I find it incredibly valuable to observe other people’s mistakes. Find those that haven’t worked out, and figure out what went wrong. Usually the ones that didn’t work out can be attributed to one of a few things:
No clear end-point (i.e. is it growing or dying?) (i.e. is the business a hobby or a business?
Lacking financial clarity (is the company profitable or not? And if not, when do you expect to be?)
No actual product or service (is it just a logo on a website?)
Miscommunication (did you communicate the value of the business well enough with your potential customers?
Always have a backup plan.
Your business is your baby and you’re the parent. You can make it better than anyone else. You don’t always have to come up with the perfect idea, just a decent one that can bring in money and be profitable. When you’re starting your business, there is no hurry. In 2021, you’ll have time to grow and make mistakes. But if you want to get really good, and start growing into a well-known company, you have to take action now. You have to push forward. Only invest in businesses that are real. We spend so much time looking at data about how other businesses are performing and how other companies around the world are performing. In the future, you won’t need to compare your business to anyone else. You’ll only need to do it against your own goals and capabilities.
Don’t be afraid to trust people with your money.
More often than not, if you’re trusting people with money you don’t have yourself, it’s because you haven’t taken the time to train or hone your skills enough to lead a successful business. This is a big mistake. Sure, you may need help from an expert, but your business will be stronger if you learn to make these major life decisions on your own first. When you’re trying to launch, you’ll be spending a lot of money and there are always plenty of folks ready to ‘save’ you, but there’s no one person who will get you to where you need to be faster. So focus on honing your skill set and making sure you’re covered if things don’t work out. Have the right business structure in place.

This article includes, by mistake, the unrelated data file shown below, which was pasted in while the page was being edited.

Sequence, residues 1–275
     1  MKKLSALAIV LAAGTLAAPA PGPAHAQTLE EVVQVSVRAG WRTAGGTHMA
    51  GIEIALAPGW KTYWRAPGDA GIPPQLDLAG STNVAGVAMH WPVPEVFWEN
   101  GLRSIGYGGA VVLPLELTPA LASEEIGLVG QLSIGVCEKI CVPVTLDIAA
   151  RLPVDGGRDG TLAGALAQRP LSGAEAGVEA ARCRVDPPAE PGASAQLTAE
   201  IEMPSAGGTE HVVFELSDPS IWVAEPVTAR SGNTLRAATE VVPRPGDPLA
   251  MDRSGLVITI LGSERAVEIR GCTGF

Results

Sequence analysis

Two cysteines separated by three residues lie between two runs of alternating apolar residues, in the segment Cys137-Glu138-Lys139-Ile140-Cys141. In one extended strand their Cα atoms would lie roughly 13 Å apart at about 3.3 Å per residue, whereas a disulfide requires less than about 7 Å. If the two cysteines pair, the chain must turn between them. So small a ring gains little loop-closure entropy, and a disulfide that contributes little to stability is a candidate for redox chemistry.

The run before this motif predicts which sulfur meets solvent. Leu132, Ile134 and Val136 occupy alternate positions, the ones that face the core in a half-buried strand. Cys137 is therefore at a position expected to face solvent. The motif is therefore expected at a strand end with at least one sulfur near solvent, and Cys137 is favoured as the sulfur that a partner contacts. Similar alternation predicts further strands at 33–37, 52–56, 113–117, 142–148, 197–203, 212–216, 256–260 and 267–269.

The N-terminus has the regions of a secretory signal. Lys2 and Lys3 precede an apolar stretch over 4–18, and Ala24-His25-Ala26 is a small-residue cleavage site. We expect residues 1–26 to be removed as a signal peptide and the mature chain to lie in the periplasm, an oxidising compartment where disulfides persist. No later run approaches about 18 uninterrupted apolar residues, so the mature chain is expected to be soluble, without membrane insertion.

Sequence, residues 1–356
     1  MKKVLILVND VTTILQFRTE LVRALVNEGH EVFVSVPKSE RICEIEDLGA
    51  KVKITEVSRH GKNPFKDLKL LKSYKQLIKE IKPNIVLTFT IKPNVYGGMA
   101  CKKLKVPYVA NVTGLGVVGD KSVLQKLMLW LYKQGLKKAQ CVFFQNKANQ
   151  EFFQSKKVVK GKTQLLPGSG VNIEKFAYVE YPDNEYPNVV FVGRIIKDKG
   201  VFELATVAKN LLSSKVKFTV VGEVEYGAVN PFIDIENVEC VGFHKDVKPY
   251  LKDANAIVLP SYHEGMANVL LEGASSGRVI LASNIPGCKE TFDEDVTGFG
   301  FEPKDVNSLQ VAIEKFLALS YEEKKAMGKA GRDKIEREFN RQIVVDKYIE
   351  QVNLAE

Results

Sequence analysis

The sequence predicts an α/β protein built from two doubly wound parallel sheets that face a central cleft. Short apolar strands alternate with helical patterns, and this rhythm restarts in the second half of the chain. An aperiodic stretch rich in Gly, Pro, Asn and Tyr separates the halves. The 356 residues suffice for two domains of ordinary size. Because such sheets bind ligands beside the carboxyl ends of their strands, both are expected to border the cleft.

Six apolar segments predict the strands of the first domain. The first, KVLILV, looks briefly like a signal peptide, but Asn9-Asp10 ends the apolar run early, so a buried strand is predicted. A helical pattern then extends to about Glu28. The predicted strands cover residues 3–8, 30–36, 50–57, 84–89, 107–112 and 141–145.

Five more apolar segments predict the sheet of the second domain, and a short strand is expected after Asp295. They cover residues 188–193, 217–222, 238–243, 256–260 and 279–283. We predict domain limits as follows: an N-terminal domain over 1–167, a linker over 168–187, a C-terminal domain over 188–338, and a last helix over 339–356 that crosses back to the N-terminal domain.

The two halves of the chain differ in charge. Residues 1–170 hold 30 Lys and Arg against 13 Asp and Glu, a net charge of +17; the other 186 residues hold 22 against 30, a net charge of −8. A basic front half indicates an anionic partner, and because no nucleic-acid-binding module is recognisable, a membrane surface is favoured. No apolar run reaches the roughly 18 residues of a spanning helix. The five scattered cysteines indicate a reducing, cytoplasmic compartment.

Don’t be afraid to try new things.
You never know where the next idea will come from or what new niche your business could fill. The bigger the risk the greater the reward. Don’t be afraid to try new things. If it doesn’t work out, you’ll learn something and find a different angle. Balance the money and profits. Running your own business is a full-time job. So it’s essential you find the balance between money and profit. You’ll want your business to grow and reach its potential, but you don’t want to spend all your time worrying about your bills or where your next meal is coming from. Don’t be afraid to admit when you’re wrong. You’ll face your share of challenges, but at the end of the day, you can always rely on your own gut instinct.
Not investing in your company’s future before you start.
One mistake I see a lot of people make is that they jump out of the plane without preparing properly. That’s like cutting the cord with your parachute too soon and losing it. When you’re first starting your business, it can be easy to get caught up in things like building an infrastructure for your business (i.e. sales and marketing strategy, ecommerce site, etc.) but without a long-term strategy, you might not be able to do that without getting yourself into more trouble. So, invest in your future by setting yourself up to reach the heights you want to.